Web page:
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Experts Say Consumer Prices Will Stay High

People preparing foods in an industrial kitchen.

In January, core consumer prices rose at a rate higher than expected: 3.9 percent, reports The Wall Street Journal. Companies continue to hold consumer prices as wages and expenses continue to take a larger share of profits, however, businesses could also be boosting profits as commodity prices decrease.

“Prices rise like a rocket and fall like a feather,” said Mark Zandi, financial firm Moody’s Analytics chief economist.

The report notes that executives at companies across consumer-facing industries have said in recent earnings calls that they noticed commodity deflation in 2023; however, the only price cuts on the horizon are strategic, and in some cases, businesses are even raising prices.

“Structural inflationary factors such as higher wage rates, transportation costs, and other overhead items are all still supporting higher product costs,” said Tractor Supply chief financial officer Kurt Barton.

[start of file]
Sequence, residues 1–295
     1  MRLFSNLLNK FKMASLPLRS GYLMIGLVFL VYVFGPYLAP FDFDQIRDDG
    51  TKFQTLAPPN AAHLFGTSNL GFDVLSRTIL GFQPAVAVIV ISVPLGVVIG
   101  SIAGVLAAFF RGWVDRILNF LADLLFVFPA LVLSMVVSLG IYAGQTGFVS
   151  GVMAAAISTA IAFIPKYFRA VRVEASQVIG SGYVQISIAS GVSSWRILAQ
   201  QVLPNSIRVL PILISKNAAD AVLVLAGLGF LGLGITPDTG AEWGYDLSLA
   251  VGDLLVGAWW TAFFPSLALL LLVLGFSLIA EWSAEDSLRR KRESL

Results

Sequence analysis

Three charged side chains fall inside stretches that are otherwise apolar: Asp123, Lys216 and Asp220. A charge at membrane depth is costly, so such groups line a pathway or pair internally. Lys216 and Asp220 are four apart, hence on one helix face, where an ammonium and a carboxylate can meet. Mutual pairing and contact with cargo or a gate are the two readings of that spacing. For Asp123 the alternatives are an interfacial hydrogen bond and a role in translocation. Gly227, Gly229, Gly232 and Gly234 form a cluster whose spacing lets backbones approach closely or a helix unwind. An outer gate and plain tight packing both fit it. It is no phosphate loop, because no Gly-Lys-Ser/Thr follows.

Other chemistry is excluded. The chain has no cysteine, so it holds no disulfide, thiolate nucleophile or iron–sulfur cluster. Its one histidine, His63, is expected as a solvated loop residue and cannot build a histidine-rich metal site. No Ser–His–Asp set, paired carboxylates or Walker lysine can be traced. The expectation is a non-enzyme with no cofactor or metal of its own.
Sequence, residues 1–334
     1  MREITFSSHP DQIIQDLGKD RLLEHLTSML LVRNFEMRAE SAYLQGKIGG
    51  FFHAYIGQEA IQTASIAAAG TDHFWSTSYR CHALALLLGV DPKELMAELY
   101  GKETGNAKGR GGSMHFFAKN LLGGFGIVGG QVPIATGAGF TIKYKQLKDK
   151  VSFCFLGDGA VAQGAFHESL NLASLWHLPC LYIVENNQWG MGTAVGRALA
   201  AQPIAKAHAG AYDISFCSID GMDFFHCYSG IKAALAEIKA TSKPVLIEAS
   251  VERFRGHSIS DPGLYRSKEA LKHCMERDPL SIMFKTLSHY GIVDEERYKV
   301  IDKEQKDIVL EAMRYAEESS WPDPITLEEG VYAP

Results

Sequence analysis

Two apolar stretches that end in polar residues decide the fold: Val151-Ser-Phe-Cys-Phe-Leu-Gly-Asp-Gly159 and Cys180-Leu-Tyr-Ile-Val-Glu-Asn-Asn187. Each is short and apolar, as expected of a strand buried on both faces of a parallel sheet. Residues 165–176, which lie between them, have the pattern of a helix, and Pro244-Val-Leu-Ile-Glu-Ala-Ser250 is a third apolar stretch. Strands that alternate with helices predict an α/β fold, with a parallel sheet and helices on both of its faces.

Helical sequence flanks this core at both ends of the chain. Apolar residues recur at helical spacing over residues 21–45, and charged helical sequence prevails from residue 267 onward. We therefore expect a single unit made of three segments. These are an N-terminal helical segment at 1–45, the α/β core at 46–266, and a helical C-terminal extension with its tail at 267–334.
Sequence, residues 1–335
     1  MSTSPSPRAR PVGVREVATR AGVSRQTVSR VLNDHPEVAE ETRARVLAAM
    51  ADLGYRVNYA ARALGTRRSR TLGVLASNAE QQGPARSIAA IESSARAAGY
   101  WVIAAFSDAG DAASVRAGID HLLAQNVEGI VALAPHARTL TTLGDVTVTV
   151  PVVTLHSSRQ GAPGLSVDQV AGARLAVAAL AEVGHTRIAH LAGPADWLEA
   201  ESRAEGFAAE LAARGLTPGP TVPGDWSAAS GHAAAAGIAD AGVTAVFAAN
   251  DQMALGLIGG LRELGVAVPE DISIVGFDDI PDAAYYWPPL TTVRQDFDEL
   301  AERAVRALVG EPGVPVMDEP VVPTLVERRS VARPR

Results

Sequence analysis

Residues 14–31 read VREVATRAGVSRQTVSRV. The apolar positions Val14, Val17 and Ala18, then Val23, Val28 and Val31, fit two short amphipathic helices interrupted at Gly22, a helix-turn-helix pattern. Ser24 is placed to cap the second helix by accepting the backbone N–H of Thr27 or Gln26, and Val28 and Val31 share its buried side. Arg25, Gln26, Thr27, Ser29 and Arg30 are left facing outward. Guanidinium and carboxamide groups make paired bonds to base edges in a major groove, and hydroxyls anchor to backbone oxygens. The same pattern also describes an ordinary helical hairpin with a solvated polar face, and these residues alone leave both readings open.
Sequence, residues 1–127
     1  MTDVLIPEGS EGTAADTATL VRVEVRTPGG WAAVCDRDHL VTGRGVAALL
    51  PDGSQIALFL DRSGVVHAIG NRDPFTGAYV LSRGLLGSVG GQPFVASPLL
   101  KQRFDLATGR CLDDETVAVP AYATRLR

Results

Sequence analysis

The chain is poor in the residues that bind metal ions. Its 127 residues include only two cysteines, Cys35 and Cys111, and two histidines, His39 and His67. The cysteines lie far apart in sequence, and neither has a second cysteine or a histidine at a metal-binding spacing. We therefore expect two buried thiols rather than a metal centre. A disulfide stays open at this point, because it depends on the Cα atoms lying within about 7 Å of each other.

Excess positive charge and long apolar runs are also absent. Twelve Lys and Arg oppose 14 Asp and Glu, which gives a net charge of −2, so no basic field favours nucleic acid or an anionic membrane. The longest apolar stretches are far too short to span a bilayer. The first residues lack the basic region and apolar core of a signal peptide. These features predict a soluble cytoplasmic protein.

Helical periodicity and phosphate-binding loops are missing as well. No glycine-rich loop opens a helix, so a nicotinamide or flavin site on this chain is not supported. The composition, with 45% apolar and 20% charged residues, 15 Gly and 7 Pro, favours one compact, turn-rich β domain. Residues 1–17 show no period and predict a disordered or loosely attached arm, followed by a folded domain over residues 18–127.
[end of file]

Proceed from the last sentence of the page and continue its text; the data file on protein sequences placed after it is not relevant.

Although food prices at grocery stores have stabilized, inflation at restaurants was up 5.1 percent year-over-year in January, above the Fed’s two percent inflation target.

One restaurant chain, Kura Sushi USA, experienced four percent deflation in commodities, but increased prices by nine percent, the company said in early January.

“So with a lot of tailwinds, our pricing, the commodity deflations, the easing of labor inflation, the tailwinds have been great this past year and we fully expect that to continue for the remainder of the year,” said CFO Jeff Uttz in a Jan. 4 earnings call. The company said that labor inflation was up roughly 10 percent in mid-2023 but since these cost increases have ceased, the company expects price increases to level out to an increase of three percent this year. Full Story (Subscription Required)